The unintentional art of mindless giving

The unintentional art of mindless giving

It occurred to me around the 1,459th time the McDonald’s drive-thru worker asked me if I wanted to round up my change and give to the Ronald McDonald House that something was going on, that they would not be stopping their push. The Ronald McDonald House is a really good thing, but this was bigger than that. This was widespread and happening at all sorts of stores like Lowe's, Dollar Tree, Walmart at the self-checkout lane and really just everywhere.

I don’t remember when it started happening, but I do know it’s been more aggressive in the past three to four years. It’s part of the script now, the mantra that repeats with each visit for a coffee or Diet Coke. I am not talking about the clear plastic jar that sits at your local convenience store taking donations for someone that has an illness or was in an accident. I’m talking about the intentional, powerful push for the actual pennies in your pocket.

I call it “mindless giving,” which is essentially putting you on the spot when you’re off guard. You think, “Well, this is a great organization, so why not?” It makes us feel good in the moment, or maybe it doesn’t make us feel anything at all, just a blip on the radar of our day.

I’ve found so often that anytime there is a push to nationally forgive a debt or help people who actually need the help — regular people — there is often gnashing of teeth and lots of words spoken in bitter, negative tones. But we then turn around and donate to big corporations 67 cents at a time as they rake in our pennies.

I’m not doing a deep dive here, so I haven’t done research on where all the money goes. I don’t have all the facts and don’t need to. I’m sure the money goes where they say it will, but I decided that in 2023 I’m going to make my money work for me. Before anyone tells me I should stop buying coffee at fast-food chains, I’d tell you to look at your own throw-away spending first — the literal French fry instead of log in your brother’s eye. If you really want to get me, tell me to stop spending $5 at the thrift store every week. We all have our weaknesses and our pleasures, but I digress and lay out my plan in this very public place.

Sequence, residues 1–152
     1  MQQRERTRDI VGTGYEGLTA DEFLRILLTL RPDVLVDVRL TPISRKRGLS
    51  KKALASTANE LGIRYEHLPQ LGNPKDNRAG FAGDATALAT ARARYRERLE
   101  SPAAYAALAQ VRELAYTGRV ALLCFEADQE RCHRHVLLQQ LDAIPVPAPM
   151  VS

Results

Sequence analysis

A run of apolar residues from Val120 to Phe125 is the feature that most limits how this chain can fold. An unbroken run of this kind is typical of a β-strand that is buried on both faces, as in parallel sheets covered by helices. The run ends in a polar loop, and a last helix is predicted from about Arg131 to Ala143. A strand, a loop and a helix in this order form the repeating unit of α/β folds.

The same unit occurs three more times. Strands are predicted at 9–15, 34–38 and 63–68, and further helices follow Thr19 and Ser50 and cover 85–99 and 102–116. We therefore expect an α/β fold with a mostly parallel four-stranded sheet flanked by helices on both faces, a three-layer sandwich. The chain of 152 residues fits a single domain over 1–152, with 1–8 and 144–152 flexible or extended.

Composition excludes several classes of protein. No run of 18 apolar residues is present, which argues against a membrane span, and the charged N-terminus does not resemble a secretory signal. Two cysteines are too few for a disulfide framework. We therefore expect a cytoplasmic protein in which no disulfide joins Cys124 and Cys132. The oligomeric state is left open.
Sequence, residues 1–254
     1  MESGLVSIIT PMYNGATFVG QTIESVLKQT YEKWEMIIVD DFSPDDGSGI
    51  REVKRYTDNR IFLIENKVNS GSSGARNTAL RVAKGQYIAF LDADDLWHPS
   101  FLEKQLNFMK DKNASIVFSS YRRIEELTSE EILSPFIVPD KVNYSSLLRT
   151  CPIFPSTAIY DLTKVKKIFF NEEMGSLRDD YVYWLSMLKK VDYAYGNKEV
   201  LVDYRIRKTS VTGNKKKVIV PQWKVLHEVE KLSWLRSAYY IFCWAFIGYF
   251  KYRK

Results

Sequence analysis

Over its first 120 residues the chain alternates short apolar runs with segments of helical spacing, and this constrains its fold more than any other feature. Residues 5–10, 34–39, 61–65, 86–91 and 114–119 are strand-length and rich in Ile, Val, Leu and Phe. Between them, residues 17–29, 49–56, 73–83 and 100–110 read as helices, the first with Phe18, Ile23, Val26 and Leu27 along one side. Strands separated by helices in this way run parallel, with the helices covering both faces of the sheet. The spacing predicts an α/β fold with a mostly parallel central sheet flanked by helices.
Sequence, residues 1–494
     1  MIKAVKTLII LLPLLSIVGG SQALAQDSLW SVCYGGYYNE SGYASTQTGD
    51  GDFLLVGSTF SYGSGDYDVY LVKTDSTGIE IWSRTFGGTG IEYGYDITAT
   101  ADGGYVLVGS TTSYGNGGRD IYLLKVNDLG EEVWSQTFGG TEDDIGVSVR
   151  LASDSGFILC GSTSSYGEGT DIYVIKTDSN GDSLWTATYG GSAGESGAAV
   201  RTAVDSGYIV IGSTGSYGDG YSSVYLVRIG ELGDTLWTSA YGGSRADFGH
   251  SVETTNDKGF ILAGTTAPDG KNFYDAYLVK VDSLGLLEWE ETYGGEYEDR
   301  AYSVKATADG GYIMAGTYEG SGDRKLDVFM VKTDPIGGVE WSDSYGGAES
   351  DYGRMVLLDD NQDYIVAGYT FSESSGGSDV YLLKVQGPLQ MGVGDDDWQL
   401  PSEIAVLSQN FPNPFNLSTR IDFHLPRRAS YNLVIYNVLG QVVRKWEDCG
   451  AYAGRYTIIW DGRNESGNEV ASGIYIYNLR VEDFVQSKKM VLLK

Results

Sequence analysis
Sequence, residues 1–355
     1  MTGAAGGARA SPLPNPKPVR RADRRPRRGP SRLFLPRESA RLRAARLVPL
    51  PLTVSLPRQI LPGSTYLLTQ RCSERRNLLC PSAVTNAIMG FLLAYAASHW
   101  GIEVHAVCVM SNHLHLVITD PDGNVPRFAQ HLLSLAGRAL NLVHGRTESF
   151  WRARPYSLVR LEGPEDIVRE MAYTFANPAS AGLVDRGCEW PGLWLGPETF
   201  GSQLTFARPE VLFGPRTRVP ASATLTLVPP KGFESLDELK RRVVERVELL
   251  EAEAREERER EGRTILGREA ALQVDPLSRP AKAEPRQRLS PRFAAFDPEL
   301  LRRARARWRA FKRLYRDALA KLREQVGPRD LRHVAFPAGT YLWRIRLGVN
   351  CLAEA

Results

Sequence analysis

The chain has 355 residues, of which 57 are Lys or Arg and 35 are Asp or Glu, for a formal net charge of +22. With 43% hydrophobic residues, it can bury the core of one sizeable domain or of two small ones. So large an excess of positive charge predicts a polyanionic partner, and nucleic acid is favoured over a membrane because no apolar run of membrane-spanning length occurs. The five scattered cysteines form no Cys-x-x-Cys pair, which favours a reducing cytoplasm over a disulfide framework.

I’ve decided every single time I get asked to round up my change, give a dollar, buy a toy for charity or really anything at any point of sale (remember I said point of sale), I’m going to decline and put that amount in a container under my bed. I don’t really know if I’ll keep it under my bed, but I believe this will be a big challenge to keep track of because the number of places that ask for a dollar are many.

I’m sure some of you are thinking I’m not being a cheerful giver. That’s not the case at all. I often find it hard to believe how much money we mindlessly give to corporations, but when we see someone on the street that needs a hand up, we whisper to ourselves or whoever is with us that “they need to get a dang job.” Maybe that $5 bill we give them is the spark they need to make that happen.

I’ve been planning this for months. I’ve given away a lot of change over the years that I’m sure went to good causes, but this year I’m going to see how much that adds up to because I’m more than curious.

Anyone else want to chuck our rounded-up money in a bucket and see how much we save at the end of the year? Let’s circle back around to this in December.

Melissa Herrera is a columnist, published author and drinker of too many coffees based in Holmes County. You can find her book, "TOÑO LIVES," at or buy one from her in person (because all authors have boxes of their own novel). For inquiries or to purchase, email her at

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